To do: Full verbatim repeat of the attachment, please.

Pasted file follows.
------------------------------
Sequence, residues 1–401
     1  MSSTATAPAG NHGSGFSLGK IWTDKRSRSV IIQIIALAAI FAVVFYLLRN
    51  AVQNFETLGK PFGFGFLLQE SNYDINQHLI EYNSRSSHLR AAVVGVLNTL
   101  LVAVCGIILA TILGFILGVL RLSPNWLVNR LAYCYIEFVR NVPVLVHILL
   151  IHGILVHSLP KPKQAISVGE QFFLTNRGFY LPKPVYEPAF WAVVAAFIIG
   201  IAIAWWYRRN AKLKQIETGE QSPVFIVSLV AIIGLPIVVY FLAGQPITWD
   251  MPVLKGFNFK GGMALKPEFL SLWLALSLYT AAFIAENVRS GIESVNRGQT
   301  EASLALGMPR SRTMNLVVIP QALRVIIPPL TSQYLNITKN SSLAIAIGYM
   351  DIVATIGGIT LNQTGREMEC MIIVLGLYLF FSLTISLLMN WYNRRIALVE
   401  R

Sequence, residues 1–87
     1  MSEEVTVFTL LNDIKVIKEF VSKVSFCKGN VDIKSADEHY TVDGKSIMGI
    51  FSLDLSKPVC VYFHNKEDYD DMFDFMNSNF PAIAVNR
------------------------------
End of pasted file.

Sequence, residues 1–401
     1  MSSTATAPAG NHGSGFSLGK IWTDKRSRSV IIQIIALAAI FAVVFYLLRN
    51  AVQNFETLGK PFGFGFLLQE SNYDINQHLI EYNSRSSHLR AAVVGVLNTL
   101  LVAVCGIILA TILGFILGVL RLSPNWLVNR LAYCYIEFVR NVPVLVHILL
   151  IHGILVHSLP KPKQAISVGE QFFLTNRGFY LPKPVYEPAF WAVVAAFIIG
   201  IAIAWWYRRN AKLKQIETGE QSPVFIVSLV AIIGLPIVVY FLAGQPITWD
   251  MPVLKGFNFK GGMALKPEFL SLWLALSLYT AAFIAENVRS GIESVNRGQT
   301  EASLALGMPR SRTMNLVVIP QALRVIIPPL TSQYLNITKN SSLAIAIGYM
   351  DIVATIGGIT LNQTGREMEC MIIVLGLYLF FSLTISLLMN WYNRRIALVE
   401  R

Sequence, residues 1–87
     1  MSEEVTVFTL LNDIKVIKEF VSKVSFCKGN VDIKSADEHY TVDGKSIMGI
    51  FSLDLSKPVC VYFHNKEDYD DMFDFMNSNF PAIAVNR